The following article by Pat Doyle was published in the July 4, 2014 edition of the StarTribune
MINNEAPOLIS WORKING ON SOUTHWEST LRT COMPROMISE
City, transit officials said to discuss deal to drop portion of tunnel in Kenilworth corridor.
Minneapolis city officials and transit planners are negotiating a possible compromise that could be revealed next week regarding the controversial plans for the Southwest Corridor light-rail project.
Two sources familiar with the negotiations said Thursday that a compromise under consideration involves dropping plans for a light-rail tunnel north of a water channel in the Kenilworth corridor, running the light rail at ground level there and restoring a nearby station.
Minneapolis might receive a portion of the savings resulting from not digging the north tunnel.
A light-rail tunnel planned for south of the channel would still be built under such a deal.
The city announced late Thursday that it would hold a public meeting Tuesday on the $1.68 billion project, the most costly transit venture in the Twin Cities, but provided few details. Aides to Mayor Betsy Hodges did not respond Thursday to questions about the meeting or a potential deal.
The proposed line would run nearly 16 miles from downtown Minneapolis to Eden Prairie.
Kenilworth corridor residents and Minneapolis officials have opposed running a light rail near existing freight trains. The Metropolitan Council, the agency overseeing the project, last year offered light-rail tunnels north and south of the channel as a concession. It didn’t satisfy some corridor residents.
But eliminating the north tunnel would still upset some nearby corridor residents, while pleasing others in Minneapolis who want a station in the corridor near 21st Street.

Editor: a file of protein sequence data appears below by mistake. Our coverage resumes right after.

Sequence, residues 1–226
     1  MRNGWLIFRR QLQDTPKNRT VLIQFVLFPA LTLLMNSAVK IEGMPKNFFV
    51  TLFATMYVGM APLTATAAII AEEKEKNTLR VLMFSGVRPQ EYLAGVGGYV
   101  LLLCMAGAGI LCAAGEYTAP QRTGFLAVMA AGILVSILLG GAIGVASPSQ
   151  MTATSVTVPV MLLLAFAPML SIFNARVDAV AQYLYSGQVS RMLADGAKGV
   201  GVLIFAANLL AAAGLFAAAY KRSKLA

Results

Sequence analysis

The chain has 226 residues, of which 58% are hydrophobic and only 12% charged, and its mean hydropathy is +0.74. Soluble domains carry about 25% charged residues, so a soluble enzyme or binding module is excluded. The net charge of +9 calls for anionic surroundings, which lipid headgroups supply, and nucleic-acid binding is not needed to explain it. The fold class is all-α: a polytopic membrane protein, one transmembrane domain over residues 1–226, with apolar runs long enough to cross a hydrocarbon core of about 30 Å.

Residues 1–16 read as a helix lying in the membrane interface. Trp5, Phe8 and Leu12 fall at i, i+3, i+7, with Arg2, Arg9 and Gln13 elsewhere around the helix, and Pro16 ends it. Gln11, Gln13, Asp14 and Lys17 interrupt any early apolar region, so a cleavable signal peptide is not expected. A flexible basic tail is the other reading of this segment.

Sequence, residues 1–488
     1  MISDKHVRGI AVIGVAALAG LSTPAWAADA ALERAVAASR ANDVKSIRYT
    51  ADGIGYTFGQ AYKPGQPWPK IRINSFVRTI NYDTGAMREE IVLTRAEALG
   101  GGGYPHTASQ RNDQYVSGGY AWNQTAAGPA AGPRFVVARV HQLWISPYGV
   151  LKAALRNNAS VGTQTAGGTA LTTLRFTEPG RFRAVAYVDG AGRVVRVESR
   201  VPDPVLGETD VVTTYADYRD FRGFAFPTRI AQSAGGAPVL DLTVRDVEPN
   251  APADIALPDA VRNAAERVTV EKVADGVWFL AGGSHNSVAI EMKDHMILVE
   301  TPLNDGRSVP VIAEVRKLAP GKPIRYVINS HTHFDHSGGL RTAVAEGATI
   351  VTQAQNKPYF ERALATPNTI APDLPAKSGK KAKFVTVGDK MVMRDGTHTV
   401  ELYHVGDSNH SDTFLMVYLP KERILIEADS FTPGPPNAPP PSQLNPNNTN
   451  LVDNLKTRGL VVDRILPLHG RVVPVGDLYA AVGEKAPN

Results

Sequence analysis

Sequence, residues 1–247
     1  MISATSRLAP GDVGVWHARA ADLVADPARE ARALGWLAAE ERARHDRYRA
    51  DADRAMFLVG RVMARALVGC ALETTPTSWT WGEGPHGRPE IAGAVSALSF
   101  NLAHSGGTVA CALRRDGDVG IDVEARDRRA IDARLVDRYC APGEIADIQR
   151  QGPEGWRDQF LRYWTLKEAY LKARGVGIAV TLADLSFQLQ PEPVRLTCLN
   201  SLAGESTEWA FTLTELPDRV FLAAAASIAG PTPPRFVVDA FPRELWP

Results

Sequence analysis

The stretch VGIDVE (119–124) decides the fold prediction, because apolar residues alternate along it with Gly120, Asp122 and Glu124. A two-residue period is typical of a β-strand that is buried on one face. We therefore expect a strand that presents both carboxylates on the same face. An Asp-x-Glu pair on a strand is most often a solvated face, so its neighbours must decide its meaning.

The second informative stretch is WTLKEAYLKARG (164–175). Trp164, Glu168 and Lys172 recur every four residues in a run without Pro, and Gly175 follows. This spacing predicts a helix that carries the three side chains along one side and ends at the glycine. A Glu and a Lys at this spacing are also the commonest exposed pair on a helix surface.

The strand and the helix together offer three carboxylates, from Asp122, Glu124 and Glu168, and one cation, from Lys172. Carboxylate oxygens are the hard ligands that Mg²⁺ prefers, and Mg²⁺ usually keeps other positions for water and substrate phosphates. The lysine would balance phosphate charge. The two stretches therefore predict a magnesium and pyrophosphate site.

“It allows us to connect Franklin Avenue bus service with the Southwest line,” said Andy Hestness, vice president of the Native American Community Development Institute, who is not privy to the negotiations.
A station in the corridor at 21st Street was originally contemplated for the Southwest project but dropped last year by the Met Council because it would be costly to reach if the transit ran in a tunnel north of the channel between Lake of the Isles and Cedar Lake.
The five cities along the Southwest route have until July 14 to approve the Met Council’s two-tunnel plan or to offer an alternative. Hopkins and Minnetonka have approved that plan, and St. Louis Park and Eden Prairie have scheduled votes on it.
Minneapolis has not scheduled a vote and has been negotiating in closed-door meetings with Met Council representatives and a mediator.
One source familiar with the talks said it was “very possible” that eliminating the north tunnel and running the light rail at ground level north of the channel with a 21st Street station would emerge as part of a compromise.
Another source described the tunnel and station options as among several “moving parts” under consideration.
Homes north of the channel are farther from the proposed light-rail tracks than are townhouses and condos south of the channel, where a tunnel would still be built under the deal being considered.
“We’d like to see the 21st Street station return to the plan, and dropping the northern tunnel accomplishes that and is cost-effective,” Hestness said.
Noting that Minneapolis hasn’t held a required public hearing on the project, he added, “I’d like to hear a clear statement from the city on what their position is. … If they don’t yet have a sense of what their position is … open this process up to the citizens of Minneapolis so we can weigh in.”
The city said the meeting next Tuesday evening at 7 p.m. at Anwatin Middle School auditorium would provide “an opportunity for public comment on the project.” It wasn’t clear from Thursday’s announcement whether the meeting will fulfill the city’s requirement for a hearing on the Southwest plans, or whether another meeting might be held to get public comment.